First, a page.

Background: Poor adherence frequently impaired the efficacy of therapy to maintain remission from inflammatory bowel diseases (IBD). There is a lack of practical and effective interventions to improve adherence. This study aimed to identify modifiable risk factors, which may yield targets for new interventions.
Methods: Participants with IBD were recruited from hospital outpatient clinics and office-based gastroenterologists. Demographic and disease-related data were recorded by means of self-administered questionnaires. Modifiable risk factors were assessed with the validated Belief about Medicine Questionnaire, Hospital Anxiety and Depression Score, and short inflammatory bowel disease questionnaire. Adherence was assessed separately for 5-aminosalicylates, thiopurines, and biological agents using the validated Medicine Adherence Report Scale (good adherence defined as >16).
Results: Nonadherence occurred in 102 of 356 participants (28.7%). Adherence increased significantly with more aggressive therapies (median Medicine Adherence Report Scale: 5-aminosalicylates 18, thiopurines 19, biological 20; P < 0.0001). Nonadherence was not associated with anxiety and depression or disease-related patient knowledge. Adherent patients had significantly higher belief of necessity for medication (P < 0.0001) and a trend toward lower concerns about medication (P = 0.08). Membership of an IBD patient organization was associated with better adherence (P < 0.0001). Concerns about medication rose significantly with more aggressive therapies (P = 0.009), but belief of necessity was similar for all medications.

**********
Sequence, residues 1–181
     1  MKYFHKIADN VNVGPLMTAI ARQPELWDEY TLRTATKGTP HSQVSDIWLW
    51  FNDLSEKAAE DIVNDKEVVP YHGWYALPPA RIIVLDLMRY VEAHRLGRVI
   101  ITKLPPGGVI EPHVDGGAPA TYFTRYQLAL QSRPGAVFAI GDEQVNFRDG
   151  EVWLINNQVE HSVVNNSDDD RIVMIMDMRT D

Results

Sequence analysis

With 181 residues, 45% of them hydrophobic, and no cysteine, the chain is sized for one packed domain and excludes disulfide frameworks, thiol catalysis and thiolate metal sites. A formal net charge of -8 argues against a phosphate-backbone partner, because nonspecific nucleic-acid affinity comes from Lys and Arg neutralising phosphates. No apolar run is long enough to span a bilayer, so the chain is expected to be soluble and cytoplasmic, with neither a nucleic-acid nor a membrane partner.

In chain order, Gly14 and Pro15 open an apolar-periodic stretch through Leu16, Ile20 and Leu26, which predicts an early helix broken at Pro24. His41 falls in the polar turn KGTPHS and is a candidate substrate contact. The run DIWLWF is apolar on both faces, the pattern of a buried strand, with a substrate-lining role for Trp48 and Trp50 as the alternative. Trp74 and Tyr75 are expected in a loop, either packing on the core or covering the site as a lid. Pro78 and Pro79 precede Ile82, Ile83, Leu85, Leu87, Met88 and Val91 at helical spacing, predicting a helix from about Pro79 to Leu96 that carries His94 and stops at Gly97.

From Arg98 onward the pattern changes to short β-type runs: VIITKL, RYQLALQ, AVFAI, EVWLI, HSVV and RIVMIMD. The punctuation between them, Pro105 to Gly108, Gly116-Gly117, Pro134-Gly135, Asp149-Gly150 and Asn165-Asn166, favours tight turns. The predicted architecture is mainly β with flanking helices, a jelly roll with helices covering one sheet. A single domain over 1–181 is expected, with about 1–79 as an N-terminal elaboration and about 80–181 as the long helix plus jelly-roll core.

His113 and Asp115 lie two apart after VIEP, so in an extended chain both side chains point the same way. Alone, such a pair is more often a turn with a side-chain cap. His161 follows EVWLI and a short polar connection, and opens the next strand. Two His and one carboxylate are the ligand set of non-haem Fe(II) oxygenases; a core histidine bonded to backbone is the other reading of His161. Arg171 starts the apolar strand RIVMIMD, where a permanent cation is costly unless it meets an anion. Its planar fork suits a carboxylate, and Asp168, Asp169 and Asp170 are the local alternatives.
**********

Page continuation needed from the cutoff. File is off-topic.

Conclusions: Nonadherence occurs most frequently with 5-aminosalicylates. Belief of necessity may prove the key target for future interventions, although general IBD education is unlikely to yield an adherence benefit. Patient organization membership should be encouraged.
Article first published online 30 July 2013
*Gastroenterology and Liver Services, Concord Hospital and Bankstown Hospital, Sydney, Australia;
†School of Translational Medicine, University of Manchester, United Kingdom;
‡Department of Gastroenterology, University Hospitals Coventry and Warwickshire, Coventry, United Kingdom;
§Department of Gastroenterology, Royal Albert Edward Infirmary, Wigan, Lancashire, United Kingdom; and
‖Faculty of Medicine, University of New South Wales, Sydney, Australia.
Reprints: Christian P. Selinger, MD, MSc, Gastroenterology, Salford Royal Hospital, Stott Lane, Salford, M6 8HD, United Kingdom (e-mail: email@example.com).
C. P. Selinger has received research grants from Ferring and Nycomed, and Shire. P. Katelaris has served as a speaker, a consultant, and an advisory board member for AstraZeneca, Janssen, and Orphan Australia. J. Eaden has served as a speaker, a consultant, and an advisory board member for Tillotts, Ferring, Schering Plough. S. Lal has served as a speaker, a consultant, and an advisory board member for IBD/Nutrition companies including Baxter, Ferring, Warner-Chilcott, Shire, and MSD and has received research funding from Crohn's Colitis UK and Raynaud’s and Scleroderma Association. J. McLaughlin has served as an advisory board member for Shire and Almirall. R. W. Leong has served as a speaker for Abbott Australasia and Ferring Pharmaceuticals; an advisory board member for Abbott Australasia, Janssen Cilag Pty Ltd, and Ferring Pharmaceuticals; and has received research funding from Nycomed’s unrestricted grant. A. Robinson is a speaker/consultant for and on the advisory board for Procter and Gamble, Warner Chilcott, Ferring, Falk, and Chiesi.
Received April 11, 2013
Accepted June 03, 2013